Caution urged for food sellers

If you have a business that sells food to the public, a power outage could affect the health and safety of your customers and employees.

It is up to you to ensure that the food you serve is safe, your facility also is safe, and your employees know what to do during outages, say Department of Environmental Health staff.

If the electricity goes out, there will be a lot inconveniences, potential hazards and possible costs.

Customers will have to eat and/or leave in the dark.

The cash register will not work.

Employees could slip or trip.

There is a potential food loss because of food remaining too long in the danger zone (40o F to 140o F).

There is a potential loss of business because of either having to close down or curtail service.

Customers could become ill with a food borne illness.

The concern of the Department of Environmental Health is public health and safety, especially the following:

Food temperature

Hot food must be kept hot (above 140o F) and cold food must be kept cold (below 40o F). How are you going to keep it in the proper temperature range?

Hot water for washing

Does an electric heater heat your water?

Running water

Is running water available, in order to properly wash hands before, during, and after food preparation?


How can smoke and fumes be removed without the fans operating?


Is there adequate light in the food prep and utensil wash areas?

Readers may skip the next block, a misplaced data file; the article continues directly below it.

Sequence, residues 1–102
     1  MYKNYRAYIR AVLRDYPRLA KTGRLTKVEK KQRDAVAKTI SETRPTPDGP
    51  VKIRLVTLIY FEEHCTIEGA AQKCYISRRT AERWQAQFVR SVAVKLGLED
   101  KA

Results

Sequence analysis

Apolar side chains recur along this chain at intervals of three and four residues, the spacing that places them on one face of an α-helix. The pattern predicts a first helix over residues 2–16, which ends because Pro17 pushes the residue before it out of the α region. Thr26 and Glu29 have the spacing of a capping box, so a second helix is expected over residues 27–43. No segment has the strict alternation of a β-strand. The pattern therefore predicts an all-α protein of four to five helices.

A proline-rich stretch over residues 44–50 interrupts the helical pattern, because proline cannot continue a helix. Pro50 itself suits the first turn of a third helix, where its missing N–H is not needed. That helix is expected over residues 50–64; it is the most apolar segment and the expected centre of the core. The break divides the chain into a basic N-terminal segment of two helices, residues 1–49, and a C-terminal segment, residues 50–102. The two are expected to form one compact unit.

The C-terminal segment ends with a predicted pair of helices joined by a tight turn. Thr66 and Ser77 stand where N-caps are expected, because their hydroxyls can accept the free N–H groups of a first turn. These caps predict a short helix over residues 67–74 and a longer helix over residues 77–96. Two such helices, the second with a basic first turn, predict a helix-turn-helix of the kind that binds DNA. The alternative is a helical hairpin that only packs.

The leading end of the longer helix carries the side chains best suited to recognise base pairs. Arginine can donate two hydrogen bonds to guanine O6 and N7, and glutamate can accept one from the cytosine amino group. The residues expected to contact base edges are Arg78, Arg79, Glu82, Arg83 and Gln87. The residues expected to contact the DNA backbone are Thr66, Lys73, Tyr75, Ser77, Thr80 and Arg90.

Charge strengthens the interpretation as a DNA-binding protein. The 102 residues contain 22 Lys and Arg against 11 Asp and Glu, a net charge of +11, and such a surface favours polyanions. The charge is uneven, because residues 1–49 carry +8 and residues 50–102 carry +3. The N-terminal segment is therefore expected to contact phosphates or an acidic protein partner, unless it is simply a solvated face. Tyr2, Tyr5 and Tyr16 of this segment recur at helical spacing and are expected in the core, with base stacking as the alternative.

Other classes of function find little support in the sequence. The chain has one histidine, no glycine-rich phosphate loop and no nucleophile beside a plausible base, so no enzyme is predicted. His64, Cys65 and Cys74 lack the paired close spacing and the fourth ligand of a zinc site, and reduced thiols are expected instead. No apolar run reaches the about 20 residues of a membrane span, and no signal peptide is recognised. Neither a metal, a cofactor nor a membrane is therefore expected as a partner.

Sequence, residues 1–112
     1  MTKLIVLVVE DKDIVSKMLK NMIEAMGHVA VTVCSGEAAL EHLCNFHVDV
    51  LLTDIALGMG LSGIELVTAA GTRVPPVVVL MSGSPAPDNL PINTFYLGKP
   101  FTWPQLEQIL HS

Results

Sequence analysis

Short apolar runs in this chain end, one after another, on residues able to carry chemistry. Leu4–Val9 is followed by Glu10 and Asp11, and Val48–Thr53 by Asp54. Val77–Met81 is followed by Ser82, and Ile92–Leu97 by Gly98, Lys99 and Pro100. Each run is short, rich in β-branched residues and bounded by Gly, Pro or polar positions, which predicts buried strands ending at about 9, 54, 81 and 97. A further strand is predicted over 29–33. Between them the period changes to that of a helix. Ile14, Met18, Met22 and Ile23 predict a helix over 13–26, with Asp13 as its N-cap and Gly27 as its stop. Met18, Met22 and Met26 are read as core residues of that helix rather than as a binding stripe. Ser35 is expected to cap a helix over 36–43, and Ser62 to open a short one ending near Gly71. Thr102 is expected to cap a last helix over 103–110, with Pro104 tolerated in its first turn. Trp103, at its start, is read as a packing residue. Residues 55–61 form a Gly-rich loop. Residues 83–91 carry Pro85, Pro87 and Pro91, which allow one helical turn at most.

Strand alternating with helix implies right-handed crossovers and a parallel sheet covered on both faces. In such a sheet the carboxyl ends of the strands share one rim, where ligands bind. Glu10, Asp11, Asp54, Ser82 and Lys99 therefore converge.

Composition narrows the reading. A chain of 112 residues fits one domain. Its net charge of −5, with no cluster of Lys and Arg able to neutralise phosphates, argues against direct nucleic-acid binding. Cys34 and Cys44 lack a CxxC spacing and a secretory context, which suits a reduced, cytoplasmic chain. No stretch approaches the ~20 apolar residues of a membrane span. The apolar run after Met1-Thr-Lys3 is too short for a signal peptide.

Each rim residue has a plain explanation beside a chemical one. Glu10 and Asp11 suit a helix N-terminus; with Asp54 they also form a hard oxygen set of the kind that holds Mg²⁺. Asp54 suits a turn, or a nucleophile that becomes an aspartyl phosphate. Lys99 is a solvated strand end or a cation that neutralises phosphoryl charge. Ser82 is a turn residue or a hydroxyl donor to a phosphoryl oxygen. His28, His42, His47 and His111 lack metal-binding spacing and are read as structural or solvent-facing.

If you are unable to serve food that is safe, you should voluntarily close your business and not open again until you can serve your customers safe meals in a safe environment, bearing in mind that if you serve unsafe food to your customers. It will make them ill.

Develop a plan and train your employees to follow it.

Have a backup for lights, such as battery-operated lamps and flashlights.

Plan a backup menu that will not require power during preparations or rely on having the refrigerator door open very often.

Design a system for handling the receipts while the register is not working.

If possible, procure plenty of ice to cool food quickly.

Know how to close your operation down quickly.

Adopt procedures to deliver food promptly; also encourage patrons to consume meals as quickly as possible.

Make sure there is always at least one person on duty that can make decisions about food and personal safety. It’s your business that might be liable.

Designate a person to pour water over food preparers’ hands for washing, in the event that there is no running water.

When the electricity goes off:

Keep refrigerator doors closed, to maintain the cold temperature inside the cooler. Further protect food by placing it in a clean container with dry ice or in a cooler.

Make a decision about cooking. Remember, there is no ventilation.


Is the alternative light bright enough for safety?

Are the employees and customers safe?

Is the food safe to serve?

Is staying open good for business in the long run?

Is it time to close?

After the power comes back on:

Use your thermometers to check food temperature. Food that has been between 40o F and 140o F for more than four hours must not be eaten. When in doubt, throw it out. Remember, you can’t rely entirely on appearance or odour to tell if food will make someone sick.

Check frozen foods to see if items are completely thawed. Don’t refreeze thawed food.

Check the hot water to make sure it is hot enough to properly wash hands and utensils.

Check the coolers and freezers to make sure they are working and keeping the right temperature.

Check the toilets to make sure they are functional.

For more information on food hygiene and safety, contact the DEH’s food hygiene and safety section at 949-6696.

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